One of the most common causes of construction disputes we see is an ill-defined Scope of Work. When drafting a construction contract, workers will frequently put a lot of focus on compensation and deadlines. They tend to put less focus on the Scope of Work, which invariably can lead to issues down the line. Whether or not these issues escalate to the point of a lawsuit, they can be easily avoided at the beginning of the project.
A Scope of Work is a written agreement that clearly lays out the work that is set to be done on a construction project. It can be a section of the construction contract or a document all on its own. It should be worded so clearly that everyone who reads it is on the exact same page. The main reason for writing it out is so that the miscommunication or impermanence of verbal agreements are entirely avoided. There is no set way to write a Scope of Work, but here are some elements that it should cover:
- Project Overview: An actual statement that clearly and quickly states what the work is, who is expected to complete it, and by when.
- Milestones: Goals along the way that show that the project is on track to be completed on time. Milestones can be as frequent or infrequent as you want, but they should be included.
- Project Scope: Details the full extent of the work that is expected. This is the heart of the Scope of Work, and should be thoroughly detailed. If there is anything someone might “assume should be included,” you need to spell it out for everyone here.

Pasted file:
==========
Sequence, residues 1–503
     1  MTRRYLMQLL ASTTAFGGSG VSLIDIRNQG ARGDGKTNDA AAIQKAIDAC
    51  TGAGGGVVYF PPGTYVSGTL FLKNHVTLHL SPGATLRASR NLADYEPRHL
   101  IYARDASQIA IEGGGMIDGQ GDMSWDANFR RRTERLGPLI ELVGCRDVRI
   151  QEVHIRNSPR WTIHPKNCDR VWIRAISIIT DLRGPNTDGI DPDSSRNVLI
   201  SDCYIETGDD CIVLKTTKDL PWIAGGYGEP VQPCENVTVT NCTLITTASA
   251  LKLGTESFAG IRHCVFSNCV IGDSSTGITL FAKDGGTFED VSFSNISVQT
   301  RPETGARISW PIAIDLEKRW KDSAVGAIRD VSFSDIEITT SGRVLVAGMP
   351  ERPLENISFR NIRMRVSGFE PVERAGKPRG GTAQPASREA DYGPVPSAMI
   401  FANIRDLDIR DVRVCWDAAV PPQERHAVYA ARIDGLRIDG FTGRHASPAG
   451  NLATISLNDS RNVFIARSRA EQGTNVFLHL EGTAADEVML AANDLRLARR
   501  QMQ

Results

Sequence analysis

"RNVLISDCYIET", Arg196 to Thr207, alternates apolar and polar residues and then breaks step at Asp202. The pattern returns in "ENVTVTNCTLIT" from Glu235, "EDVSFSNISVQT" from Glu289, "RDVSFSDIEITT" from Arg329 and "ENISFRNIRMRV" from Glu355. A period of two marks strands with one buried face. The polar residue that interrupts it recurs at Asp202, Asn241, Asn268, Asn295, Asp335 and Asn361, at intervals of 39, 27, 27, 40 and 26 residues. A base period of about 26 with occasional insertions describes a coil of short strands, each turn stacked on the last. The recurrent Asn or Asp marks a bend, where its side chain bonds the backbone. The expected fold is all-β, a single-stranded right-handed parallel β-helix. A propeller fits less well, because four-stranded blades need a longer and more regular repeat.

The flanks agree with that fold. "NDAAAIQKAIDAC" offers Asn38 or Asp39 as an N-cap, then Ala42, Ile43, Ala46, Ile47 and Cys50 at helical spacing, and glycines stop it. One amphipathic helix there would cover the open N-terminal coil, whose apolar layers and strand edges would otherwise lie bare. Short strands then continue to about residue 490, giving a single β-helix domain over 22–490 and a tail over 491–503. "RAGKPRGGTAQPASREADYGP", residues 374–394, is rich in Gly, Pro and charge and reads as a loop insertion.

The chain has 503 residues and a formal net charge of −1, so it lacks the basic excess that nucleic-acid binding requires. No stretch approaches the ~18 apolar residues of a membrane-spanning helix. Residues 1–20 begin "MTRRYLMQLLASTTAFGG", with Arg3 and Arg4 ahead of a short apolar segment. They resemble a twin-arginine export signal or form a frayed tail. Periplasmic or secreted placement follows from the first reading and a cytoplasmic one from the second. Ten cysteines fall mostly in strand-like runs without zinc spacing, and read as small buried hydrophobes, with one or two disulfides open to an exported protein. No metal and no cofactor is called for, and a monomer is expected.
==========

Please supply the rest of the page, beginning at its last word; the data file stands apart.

- Timeline: This should include when you are expecting to hit your milestones, as well as when you are expecting the project to be completed.
Unlike other elements of a contract, changes to a Scope of Work are common and expected. Think about how often an unexpected issue arises and changes your expected timeline. As long as these changes are clearly communicated and agreed upon by everyone, they are no cause for alarm. It is important that your Scope of Work is signed by everyone involved in the project when they come to work on it, including contractors and all sub-contractors.
The issues workers run into is when a Scope of Work is vague and confusing. If your Scope of Work is not specific, that means different people can read it and come away with different expectations. That leads to disputes over the work done. Make certain you clearly outline the work at every step of the way. The Scope of Work should be written so that anyone can read it and understand it, not just subcontractors who know the specific lingo. Write your Scope of Work so that it will hold up in court, and then you’ll never have to find out the hard way if it can.
At Capshaw & Associates, we have seen a poorly written Scope of Work lead to a construction dispute one too many times. If you are drafting one, contact us today to get another set of eyes on it who already know what to look for. If you are in a legal dispute currently, reach out to get the help you deserve. We are a civil trial law firm happy to help with your needs!